Sunday, September 27, 2015

Just Right Book

Most of us know the fairy tale of Goldilocks and the Three Bears...

Once upon a time, there was a girl named Goldilocks. She went for a walk in the woods. Soon, she came upon a house. She knocked, and when no one answered, she walked in.

At the table in the kitchen, there were three bowls of porridge. Goldilocks was hungry. She tasted the porridge from the first bowl.

"This porridge is too hot!" she exclaimed.

So, she tasted the porridge from the second bowl.

"This porridge is too cold," she said

Then, she tasted the last bowl of porridge.

"Ahhh, this porridge is just right," she said happily and she ate it all up.

We all love that "just right" feeling. None of us would like to wear a pair of shoes that are too small or too large. The thought of the pain caused by those ill fitting shoes makes my feet hurt!

If we aren't interested in food that is not "just right" or shoes that aren't "just right", why would students enjoy books that aren't "just right"?

All reading teachers in the elementary schools have been assessing students using Fountas and Pinnell Benchmarking System to determine the current level of text to use for instruction with your child.  These levels are denoted by letters of the alphabet. For example, your child may be working in class using level H texts.

That means that the teacher believes the student will make the best progress if she uses level H texts with your child. For independent reading, your child is likely to be most successful reading texts that are two levels below her instructional level.

There is a lot more to reading and finding a just right book than determining a child's reading level, though. Here are some things to consider when helping your child select a just right book:

1. I believe the most important consideration in helping your child select a just right book is his interests. How many times were you forced to read a book you absolutely hated? How motivated were you to pick up that book every night? I'm an avid reader and enjoy many types of books, but I still have a list of books I hated in high school.

2. Consider the amount of text per page compared to the number of pictures. Pictures actually serve a purpose in reading. They are a great support to less skilled readers. Often, pictures can help beginning and early readers figure out unknown words and comprehend the story. Graphic novels can be a great choice for readers who are self conscious about reading thin books but still needs the support of pictures.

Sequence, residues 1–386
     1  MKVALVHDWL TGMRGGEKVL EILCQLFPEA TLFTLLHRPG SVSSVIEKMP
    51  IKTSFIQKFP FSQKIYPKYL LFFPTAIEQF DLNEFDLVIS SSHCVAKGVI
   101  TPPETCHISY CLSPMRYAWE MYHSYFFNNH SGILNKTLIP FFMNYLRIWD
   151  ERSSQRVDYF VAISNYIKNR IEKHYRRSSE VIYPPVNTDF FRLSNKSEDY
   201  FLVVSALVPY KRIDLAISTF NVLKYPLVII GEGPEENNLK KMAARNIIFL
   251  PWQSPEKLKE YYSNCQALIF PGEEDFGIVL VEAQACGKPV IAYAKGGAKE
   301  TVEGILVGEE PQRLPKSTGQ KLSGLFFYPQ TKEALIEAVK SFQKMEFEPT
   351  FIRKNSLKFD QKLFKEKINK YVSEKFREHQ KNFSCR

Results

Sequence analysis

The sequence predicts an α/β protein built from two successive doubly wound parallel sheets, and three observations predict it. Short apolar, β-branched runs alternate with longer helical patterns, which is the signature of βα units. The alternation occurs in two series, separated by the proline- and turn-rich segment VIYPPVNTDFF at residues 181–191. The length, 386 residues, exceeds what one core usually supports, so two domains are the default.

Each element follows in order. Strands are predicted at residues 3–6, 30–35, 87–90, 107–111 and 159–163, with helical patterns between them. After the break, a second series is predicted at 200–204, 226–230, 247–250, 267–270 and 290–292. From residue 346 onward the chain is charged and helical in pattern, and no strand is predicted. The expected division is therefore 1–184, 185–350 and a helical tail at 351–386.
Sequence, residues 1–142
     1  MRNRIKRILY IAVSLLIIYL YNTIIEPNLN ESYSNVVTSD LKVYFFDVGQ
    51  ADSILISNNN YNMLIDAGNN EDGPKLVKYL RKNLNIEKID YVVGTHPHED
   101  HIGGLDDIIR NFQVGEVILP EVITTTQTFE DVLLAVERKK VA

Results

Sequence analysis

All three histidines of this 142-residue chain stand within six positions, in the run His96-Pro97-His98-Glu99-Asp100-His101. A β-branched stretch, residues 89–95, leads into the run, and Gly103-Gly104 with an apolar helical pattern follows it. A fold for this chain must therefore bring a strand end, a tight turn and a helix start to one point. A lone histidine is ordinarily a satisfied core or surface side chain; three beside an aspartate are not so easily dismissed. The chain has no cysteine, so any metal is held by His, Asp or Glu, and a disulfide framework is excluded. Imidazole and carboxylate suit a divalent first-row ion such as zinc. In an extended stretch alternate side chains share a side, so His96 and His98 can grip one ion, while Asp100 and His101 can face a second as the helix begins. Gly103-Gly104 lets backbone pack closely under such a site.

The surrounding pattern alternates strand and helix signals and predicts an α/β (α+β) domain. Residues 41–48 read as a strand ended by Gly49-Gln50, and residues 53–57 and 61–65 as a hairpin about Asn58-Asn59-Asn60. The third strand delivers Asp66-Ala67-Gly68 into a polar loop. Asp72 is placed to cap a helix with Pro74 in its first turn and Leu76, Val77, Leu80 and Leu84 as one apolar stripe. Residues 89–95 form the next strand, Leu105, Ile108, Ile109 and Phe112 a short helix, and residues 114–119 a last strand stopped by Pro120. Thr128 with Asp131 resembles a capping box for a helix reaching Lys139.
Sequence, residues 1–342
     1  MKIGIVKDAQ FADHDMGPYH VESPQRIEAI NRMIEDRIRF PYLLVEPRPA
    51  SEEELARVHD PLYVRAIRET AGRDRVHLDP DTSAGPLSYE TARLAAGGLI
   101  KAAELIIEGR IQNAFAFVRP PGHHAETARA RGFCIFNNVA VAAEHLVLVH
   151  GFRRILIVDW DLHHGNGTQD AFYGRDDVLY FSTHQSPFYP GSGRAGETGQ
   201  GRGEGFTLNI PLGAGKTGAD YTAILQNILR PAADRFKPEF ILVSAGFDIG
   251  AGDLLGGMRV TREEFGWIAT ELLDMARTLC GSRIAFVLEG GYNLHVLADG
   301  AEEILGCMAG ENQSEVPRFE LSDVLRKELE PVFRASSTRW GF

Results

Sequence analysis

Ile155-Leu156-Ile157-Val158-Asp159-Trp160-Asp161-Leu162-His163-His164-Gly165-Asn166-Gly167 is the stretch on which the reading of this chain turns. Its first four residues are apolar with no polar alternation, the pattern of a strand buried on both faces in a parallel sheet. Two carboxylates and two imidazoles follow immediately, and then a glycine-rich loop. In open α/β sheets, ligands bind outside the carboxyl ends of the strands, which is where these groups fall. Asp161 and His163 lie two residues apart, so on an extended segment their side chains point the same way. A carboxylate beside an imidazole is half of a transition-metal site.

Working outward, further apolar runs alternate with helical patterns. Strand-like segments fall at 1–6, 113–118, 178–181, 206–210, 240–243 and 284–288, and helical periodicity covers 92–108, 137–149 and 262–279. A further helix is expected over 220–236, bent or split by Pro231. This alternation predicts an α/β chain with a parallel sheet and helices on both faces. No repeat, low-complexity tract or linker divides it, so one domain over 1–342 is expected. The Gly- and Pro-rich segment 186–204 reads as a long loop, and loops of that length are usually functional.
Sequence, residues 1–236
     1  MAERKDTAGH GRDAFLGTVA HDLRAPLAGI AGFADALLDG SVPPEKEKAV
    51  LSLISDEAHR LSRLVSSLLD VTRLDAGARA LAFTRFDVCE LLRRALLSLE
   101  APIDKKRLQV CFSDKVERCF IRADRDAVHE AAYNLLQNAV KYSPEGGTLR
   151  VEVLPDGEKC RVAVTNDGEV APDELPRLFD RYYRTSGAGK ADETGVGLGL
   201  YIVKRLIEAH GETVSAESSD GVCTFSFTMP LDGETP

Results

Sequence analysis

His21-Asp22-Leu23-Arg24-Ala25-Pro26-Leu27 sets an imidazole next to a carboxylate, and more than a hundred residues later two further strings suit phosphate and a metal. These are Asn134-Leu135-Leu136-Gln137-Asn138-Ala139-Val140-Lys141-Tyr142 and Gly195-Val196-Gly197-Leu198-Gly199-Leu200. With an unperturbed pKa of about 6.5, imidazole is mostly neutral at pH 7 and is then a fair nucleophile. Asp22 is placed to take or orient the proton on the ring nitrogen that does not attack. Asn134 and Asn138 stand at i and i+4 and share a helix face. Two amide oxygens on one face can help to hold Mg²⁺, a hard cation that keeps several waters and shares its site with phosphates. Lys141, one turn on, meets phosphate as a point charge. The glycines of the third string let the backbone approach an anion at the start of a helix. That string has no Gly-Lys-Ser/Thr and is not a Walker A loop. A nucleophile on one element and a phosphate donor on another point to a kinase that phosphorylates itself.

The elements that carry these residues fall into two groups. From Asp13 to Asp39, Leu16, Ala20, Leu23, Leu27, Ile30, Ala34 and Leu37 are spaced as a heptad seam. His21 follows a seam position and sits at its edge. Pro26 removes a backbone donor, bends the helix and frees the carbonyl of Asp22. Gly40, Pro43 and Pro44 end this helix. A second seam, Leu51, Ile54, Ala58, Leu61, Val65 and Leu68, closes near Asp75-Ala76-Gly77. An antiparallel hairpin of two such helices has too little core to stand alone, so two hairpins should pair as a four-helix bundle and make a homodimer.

3. Vocabulary is incredibly important to reading. A traditional, easy test for students to perform to determine if a book is too hard is the "Five Finger Rule." A child should turn to a page in the book and hold up a finger for every word they do not know on a page. If there are 5 or more words, the book is considered too hard.

I want to make two points about the five finger rule, though. We have to be careful when we help a child determine that a book is too hard. If it is about something she is really interested in, she will be more motivated to use her own knowledge and other resources to comprehend the text. We definitely don't want to discourage that.

On the other hand, the most current research says that a reader needs to understand 98% or more of the words on the page to truly make meaning from the text. Usually, that is fewer than 5 words.

When in doubt, read the book side by side with your child if she is interested in it. That experience will help broaden her vocabulary, increase her background knowledge on the topic, and give you a few one on one minutes with her.

If you feel like your child is reading books that are way too easy for him, you can work with him to find books that might be more appropriate, but remember, text level is not the only consideration. There is a lot of value in a child reading books that are below his level. That will help him build fluency.

I'm sure you remember the phrase, "practice makes perfect!" Really, though, it is perfect practice that makes perfect. There is not much value in a child skipping over all of the words she doesn't know.

Remember, a book cannot be "just right" if your child won't read it. Help your child find books he likes, so he will spend time reading.

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